I felt offended at the time, thinking that I had enough self-motivation to complete my tasks well. I had some things to learn about crew leadership. And now, finally, eighteen seasons later, I’m blogging about it.

Two types of leader

I’m running into two types of crew leaders in my work as landscape supervisor. One likes to delegate and then fade; the other works alongside his crew members. The crews that stick together consistently out-perform the crews that split up.

Now, I know that sticking together isn’t always possible or practical. But tasks like bedwork should be performed in groups. Even mowers and line trimmers can attack the same lawn sections.

So why split? Because working together hurts. There is a price to pay in heavy sweat when you stick with your crew. Delegating and fading to another part of your site is one way to have an easy day. I know of a foreman who delegates to his crew and then invents all sorts of reasons to be away from the main action. But eventually it shows; in site condition and crew abilities.

And let’s not pretend, for even a minute, that the crews don’t see through this tactic.

Training

New workers require training and monitoring and this is best accomplished when you see them often. Delegating and disappearing won’t work. You must be there to lead, to correct mistakes and to teach. This investment will pay off when your sites start looking great.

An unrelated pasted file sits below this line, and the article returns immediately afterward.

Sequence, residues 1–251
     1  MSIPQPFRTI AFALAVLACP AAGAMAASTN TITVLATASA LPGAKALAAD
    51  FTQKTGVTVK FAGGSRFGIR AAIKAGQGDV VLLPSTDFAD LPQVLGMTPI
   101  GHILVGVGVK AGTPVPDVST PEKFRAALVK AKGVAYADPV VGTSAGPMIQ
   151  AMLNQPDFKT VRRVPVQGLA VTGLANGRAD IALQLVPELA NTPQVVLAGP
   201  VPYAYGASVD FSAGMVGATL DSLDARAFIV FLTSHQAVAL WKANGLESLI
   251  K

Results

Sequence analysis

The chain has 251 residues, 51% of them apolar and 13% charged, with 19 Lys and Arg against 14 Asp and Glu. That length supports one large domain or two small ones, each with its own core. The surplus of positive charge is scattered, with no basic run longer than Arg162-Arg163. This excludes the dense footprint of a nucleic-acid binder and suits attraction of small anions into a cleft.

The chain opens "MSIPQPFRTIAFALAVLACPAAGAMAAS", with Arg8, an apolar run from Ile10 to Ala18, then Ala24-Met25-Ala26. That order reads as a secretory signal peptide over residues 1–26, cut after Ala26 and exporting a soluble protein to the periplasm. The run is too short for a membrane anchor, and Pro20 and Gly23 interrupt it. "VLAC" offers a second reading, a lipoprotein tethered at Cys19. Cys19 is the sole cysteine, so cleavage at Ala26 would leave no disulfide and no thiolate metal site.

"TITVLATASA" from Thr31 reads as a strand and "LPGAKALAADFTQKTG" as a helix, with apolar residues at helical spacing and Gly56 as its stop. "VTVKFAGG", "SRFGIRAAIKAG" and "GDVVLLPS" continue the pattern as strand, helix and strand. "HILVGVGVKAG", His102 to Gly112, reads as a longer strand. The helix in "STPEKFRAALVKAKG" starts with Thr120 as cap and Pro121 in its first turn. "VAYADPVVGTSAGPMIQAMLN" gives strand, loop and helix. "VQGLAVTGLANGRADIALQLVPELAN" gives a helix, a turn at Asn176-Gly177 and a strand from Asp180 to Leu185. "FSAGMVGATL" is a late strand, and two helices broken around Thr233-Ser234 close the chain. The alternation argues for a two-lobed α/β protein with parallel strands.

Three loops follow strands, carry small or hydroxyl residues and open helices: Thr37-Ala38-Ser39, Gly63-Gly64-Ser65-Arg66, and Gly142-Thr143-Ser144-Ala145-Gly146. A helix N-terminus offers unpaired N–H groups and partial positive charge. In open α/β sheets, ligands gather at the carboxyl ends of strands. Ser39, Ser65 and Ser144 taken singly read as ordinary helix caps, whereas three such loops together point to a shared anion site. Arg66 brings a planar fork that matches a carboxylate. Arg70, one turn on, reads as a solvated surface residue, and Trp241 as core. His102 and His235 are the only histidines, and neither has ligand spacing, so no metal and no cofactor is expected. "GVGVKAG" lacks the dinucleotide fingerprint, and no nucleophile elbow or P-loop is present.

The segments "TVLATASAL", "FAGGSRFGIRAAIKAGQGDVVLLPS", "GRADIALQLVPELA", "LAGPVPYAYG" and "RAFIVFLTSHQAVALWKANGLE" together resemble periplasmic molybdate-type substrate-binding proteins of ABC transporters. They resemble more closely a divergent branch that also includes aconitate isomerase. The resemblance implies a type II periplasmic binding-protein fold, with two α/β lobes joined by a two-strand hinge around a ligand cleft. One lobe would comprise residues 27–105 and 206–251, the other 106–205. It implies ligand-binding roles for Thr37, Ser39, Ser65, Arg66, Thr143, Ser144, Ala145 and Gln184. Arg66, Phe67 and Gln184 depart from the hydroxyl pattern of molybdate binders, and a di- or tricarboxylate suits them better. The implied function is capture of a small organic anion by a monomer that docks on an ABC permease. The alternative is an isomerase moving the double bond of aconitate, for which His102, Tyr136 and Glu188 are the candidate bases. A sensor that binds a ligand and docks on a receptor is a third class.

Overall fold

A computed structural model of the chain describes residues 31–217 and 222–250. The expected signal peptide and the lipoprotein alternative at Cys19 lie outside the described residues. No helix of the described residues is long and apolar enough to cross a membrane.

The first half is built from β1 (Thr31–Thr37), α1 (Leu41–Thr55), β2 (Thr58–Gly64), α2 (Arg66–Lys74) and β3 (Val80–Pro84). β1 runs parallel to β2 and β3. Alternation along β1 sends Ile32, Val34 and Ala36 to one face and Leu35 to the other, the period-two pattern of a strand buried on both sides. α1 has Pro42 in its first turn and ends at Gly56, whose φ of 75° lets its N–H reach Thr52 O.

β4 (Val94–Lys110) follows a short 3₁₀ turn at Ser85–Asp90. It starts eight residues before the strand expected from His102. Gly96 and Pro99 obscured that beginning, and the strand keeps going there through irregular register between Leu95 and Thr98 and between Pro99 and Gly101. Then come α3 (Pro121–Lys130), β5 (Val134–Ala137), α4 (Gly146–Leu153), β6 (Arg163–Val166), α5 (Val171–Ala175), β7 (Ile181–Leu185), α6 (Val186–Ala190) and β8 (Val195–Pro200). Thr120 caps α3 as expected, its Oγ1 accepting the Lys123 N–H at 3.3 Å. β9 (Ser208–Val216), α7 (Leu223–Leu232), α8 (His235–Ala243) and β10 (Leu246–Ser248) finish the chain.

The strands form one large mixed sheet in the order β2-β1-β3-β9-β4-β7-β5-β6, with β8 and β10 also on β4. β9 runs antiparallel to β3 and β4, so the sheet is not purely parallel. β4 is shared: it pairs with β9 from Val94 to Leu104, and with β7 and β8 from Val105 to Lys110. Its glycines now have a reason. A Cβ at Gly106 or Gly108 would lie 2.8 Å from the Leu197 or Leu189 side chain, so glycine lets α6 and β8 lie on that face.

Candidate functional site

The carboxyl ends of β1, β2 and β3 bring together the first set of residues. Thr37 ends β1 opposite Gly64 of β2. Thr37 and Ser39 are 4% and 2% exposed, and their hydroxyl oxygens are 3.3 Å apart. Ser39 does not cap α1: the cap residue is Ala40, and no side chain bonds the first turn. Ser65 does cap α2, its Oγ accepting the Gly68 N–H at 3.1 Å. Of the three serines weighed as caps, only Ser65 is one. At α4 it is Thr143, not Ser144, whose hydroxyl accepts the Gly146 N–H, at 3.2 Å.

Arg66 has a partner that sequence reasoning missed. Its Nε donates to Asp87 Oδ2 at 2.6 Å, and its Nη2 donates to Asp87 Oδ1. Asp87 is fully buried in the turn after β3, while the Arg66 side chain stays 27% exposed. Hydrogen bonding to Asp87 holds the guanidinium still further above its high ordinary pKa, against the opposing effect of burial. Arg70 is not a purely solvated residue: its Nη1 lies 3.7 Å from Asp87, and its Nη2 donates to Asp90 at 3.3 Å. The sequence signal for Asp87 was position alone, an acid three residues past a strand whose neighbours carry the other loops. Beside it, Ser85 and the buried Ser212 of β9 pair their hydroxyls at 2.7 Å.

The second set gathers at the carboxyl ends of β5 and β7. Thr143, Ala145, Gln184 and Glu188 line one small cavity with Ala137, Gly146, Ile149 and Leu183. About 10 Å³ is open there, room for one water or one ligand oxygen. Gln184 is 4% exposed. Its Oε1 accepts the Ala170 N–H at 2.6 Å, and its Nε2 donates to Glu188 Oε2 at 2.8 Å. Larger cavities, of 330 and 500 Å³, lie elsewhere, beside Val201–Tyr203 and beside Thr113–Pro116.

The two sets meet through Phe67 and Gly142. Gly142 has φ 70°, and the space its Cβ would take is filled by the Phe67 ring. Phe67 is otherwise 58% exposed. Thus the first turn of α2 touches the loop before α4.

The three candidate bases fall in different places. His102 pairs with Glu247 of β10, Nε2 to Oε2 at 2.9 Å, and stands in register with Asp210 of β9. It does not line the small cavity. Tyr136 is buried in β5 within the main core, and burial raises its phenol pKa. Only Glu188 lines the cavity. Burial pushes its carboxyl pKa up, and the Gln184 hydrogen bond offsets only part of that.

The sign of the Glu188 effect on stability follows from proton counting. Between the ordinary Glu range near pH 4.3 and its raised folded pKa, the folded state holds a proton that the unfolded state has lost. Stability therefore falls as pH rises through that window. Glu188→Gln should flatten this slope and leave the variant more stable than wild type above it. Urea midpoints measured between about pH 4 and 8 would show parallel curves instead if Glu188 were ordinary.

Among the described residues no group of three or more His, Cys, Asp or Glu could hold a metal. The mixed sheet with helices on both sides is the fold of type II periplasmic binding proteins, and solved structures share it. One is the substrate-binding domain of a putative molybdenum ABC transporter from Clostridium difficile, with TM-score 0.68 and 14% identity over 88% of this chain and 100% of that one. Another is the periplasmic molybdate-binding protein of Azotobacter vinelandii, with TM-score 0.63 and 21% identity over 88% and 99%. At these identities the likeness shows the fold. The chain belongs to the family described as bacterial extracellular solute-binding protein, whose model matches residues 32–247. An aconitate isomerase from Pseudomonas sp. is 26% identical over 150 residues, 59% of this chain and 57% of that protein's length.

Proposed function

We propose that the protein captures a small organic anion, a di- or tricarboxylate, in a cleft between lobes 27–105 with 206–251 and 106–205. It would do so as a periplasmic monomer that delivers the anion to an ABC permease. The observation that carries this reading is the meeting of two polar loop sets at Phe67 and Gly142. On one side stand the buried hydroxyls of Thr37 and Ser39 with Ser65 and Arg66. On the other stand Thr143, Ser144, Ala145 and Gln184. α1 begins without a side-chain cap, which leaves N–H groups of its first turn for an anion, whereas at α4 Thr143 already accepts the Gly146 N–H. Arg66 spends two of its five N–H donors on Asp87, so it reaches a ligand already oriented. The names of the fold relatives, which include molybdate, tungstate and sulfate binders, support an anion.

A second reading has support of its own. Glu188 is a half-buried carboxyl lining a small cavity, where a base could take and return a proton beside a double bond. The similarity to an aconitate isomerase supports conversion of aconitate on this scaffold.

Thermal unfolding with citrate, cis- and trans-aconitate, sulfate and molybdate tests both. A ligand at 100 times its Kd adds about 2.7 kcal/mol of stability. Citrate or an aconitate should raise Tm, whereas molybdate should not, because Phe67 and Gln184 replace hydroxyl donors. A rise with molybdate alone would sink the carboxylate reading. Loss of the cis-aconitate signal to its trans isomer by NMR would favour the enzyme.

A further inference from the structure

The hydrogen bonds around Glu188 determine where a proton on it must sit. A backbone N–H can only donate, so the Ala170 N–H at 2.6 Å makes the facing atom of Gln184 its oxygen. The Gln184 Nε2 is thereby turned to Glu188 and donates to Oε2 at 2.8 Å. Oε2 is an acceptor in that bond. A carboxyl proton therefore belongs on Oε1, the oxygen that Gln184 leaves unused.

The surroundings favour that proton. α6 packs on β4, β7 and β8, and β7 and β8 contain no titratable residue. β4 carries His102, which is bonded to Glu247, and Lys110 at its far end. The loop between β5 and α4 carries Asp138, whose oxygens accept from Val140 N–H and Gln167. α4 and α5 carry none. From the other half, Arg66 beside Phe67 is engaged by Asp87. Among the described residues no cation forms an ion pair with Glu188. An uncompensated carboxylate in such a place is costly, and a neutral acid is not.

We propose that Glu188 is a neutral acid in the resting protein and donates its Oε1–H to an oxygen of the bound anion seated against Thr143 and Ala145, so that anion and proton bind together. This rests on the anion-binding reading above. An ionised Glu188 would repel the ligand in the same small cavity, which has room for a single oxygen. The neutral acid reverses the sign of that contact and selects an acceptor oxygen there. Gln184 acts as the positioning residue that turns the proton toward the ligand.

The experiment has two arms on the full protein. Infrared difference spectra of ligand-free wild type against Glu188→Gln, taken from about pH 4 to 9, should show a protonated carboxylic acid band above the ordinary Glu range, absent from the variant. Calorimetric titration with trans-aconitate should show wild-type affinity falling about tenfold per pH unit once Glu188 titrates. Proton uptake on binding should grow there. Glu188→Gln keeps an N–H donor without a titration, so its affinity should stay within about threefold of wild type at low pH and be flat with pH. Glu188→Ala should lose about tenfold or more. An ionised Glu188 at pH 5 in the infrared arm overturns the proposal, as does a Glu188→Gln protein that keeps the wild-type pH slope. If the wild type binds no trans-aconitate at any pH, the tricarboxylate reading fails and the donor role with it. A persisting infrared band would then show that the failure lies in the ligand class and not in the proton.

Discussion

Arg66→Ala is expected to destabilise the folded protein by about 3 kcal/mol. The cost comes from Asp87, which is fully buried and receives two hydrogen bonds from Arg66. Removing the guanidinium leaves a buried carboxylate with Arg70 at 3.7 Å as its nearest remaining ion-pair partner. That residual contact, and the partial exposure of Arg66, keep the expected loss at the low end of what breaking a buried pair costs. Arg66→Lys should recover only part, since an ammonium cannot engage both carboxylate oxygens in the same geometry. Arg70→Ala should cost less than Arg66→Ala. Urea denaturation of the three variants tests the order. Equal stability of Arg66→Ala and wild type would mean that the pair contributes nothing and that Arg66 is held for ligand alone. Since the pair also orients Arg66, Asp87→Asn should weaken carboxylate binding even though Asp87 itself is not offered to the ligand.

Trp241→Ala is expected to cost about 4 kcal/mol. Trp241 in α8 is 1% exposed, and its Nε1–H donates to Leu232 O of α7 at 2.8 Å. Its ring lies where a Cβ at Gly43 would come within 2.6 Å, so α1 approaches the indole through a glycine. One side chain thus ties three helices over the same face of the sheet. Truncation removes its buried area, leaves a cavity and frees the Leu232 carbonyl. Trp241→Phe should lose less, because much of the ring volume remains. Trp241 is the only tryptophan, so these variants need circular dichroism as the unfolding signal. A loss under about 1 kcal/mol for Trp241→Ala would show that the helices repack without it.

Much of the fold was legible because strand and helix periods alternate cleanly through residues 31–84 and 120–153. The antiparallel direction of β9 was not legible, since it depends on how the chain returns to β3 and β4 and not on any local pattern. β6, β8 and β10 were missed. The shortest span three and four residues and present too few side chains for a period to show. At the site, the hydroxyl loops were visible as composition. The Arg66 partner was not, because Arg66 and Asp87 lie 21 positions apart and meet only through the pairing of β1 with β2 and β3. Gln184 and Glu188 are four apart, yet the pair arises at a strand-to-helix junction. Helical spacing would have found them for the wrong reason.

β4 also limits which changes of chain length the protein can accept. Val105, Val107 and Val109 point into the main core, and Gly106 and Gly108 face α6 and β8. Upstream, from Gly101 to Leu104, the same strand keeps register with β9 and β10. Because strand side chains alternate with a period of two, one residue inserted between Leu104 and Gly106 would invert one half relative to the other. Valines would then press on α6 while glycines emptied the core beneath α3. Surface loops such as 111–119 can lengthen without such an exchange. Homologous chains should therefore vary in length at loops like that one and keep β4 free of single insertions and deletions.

Your workers will also appreciate your feedback. I know that many new workers have good days when they get trained on new machines or tasks.

The picture below is from my lunch time walk. Full marks to these two; they accomplish more together. And they also look out for one another in a busy mall parking lot.

 

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Beyond comfort

I feel like I became a landscape professional when I switched my focus from my physical state (sweat and discomfort) to the larger issue of site condition. Did we deliver great service to our clients? Did we accomplish the tasks we set out for the day?

Leading workers outside in physically demanding labour isn’t easy. It would be easier to slip out for a smoke and e-mail check. But what’s the goal, exactly? World-class work. And for that you must stick together with your crews as much as possible.

Can you let your winter garden go wild?

By | gardening, landscape maintenance | No Comments